Hermiston School Board members heard the first solid suggestions for cutting about $1.5 million from the district’s budget.

“When we started making the list, we tried to find things to cut before cutting people,” said Hermiston Superintendent Jer Pratton. “Another thing we kept in mind was reducing programs before cutting programs out.”

Pratton stressed that the list contained proposals for the next school year. However, the proposals were approved by the board and will go to the budget committee to serve as a basis for building next year’s budget.

To raise revenue the district is looking at charging a $50 user fee for participating in one high school sport. The fee would be $100 for two sports or $140 for a family.

It was also considering increasing pool rates by 50 percent and increasing breakfast and lunch prices by 25 cents.

• Finding ways to create new space for the growing population in Hermiston schools could involve the construction of one or two new buildings, if Hermiston School Board agrees with recommendations from the Planning for Growth Committee.

Board members heard three options for new buildings in the district. The choices, ranging in cost from $11 million to $17 million, all included construction or major remodeling.

The first recommendation was to build two new middle schools on property owned by the district on Diagonal Road and Johns Avenue. The middle schools would hold grades six through eight, solving some of the overcrowding at the elementary schools. Each building would be designed for 600 students, and would include a remodel of Armand Larive Junior High for use as a small elementary.

The second recommendation was to build one large junior high for about 900 students on the Diagonal property. In addition to the junior high a new 500-student elementary would be built on the Johns Avenue property.

A third recommendation also asks for the construction of a large junior high. However, instead of building a new elementary school, additional wings or classrooms would be added to the existing elementary buildings.

Hermiston School District 8-R was among the many throughout the state whose school budget went down to defeat Monday when the polls closed. There were 428 ‘No’ votes and 301 ‘Yes’ on a $1,063,873.56 budget above the 6 percent limitation.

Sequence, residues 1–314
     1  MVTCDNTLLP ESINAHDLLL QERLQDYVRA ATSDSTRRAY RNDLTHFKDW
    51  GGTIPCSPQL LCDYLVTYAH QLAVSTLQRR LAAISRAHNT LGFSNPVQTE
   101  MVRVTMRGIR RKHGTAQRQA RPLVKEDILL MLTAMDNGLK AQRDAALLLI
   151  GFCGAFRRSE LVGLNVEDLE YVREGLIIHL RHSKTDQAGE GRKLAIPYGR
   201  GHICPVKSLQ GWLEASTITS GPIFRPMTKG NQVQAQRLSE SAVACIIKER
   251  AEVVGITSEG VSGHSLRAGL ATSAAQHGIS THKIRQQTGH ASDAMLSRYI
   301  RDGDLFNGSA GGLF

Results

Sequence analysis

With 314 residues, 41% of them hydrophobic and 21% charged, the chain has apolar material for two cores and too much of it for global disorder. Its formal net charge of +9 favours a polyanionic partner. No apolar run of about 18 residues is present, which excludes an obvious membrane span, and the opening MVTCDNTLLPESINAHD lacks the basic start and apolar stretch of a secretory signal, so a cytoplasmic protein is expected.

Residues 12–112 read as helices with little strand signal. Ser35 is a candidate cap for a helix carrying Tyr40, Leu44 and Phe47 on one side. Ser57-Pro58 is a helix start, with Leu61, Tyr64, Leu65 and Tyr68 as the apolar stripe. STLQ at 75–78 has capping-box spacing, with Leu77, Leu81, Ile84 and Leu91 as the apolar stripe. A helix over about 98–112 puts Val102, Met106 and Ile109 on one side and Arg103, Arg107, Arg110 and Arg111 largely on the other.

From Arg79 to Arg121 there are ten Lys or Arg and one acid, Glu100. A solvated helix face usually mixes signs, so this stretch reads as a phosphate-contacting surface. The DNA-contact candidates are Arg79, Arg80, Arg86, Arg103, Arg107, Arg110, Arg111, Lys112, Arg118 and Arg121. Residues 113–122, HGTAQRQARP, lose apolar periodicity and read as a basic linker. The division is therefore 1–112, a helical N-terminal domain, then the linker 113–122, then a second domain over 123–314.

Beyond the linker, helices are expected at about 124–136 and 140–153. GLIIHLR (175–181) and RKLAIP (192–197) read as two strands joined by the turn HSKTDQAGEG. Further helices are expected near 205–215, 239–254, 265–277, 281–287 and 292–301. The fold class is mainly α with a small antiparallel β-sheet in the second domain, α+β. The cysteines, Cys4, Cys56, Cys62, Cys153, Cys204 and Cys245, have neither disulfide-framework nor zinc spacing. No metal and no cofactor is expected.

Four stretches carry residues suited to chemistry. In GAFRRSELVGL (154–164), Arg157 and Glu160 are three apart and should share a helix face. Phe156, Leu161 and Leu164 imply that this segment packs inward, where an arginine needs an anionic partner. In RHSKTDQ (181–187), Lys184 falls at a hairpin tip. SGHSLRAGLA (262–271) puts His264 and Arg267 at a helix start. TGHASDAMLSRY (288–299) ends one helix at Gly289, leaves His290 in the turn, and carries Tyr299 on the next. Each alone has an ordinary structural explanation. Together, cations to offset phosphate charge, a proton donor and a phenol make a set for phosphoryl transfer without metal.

The Intermediate Education District levy passed 372-364.

Most of the larger districts throughout the state were defeated as well as those with extremely high budgets. Umatilla and Morrow counties also defeated the IED equalization levy of $1,570,586 with 2,794 against and 2,440 for.

• Kenny Ferguson, 6, son of Mr. and Mrs. Ferguson, was tossing rocks at a bottle. The bottle broke and a sliver of glass flew into his right eye, cutting the eyelid and the eyeball. He was taken to a Pendleton hospital.

In February he was hospitalized for treatment on his left eye which he injured with a sharp stick.

Rodell Atkins received a 60-day jail sentence and 90 days suspended provided he leave Umatilla County for a year.

He pleaded guilty to an attack with a dangerous weapon, drunkenness and vagrancy, and was taken to the Pendleton jail late that afternoon.

Atkins went on a drunken spree Tuesday, slashing his daughter-in-law, Mrs. Christina Atkins, in the arm causing a gash that required seven stitches. The assault almost back-fired when he gashed himself in the leg accidentally.

He was arrested by chief of police B.J. Nation and placed in the local jail, pending his appearance in justice court.

Chief of Police Laudenslager received an order from the Shoshone County draft board to look up one Alvin J. Strader and deliver him to the sheriff at Wallace, Idaho, as quickly as possible. The letter accompanying the order conveyed the information that Strader had been drafted April 26, and that instead of appearing wrote a letter to the board explaining that he was averse to going to war and taking human life, and rather than do so would face a firing squad.

Evidently he had no intention of evading the outcome, for on leaving Shoshone County he came to his home in Irrigon on a visit to his parents and happened to be in Hermiston on the day the order for his apprehension came to the chief of police.

He took it quite as a matter of fact on being informed that the draft board wanted him in Wallace, and together with the police chief officer left that night for the Idaho mining town, where he was delivered into the hands of the sheriff Sunday afternoon.

What disposition will be made of his case is not known as yet, but it is probably the young man will be sent across the big pond to the battle front or interned until the war is over.

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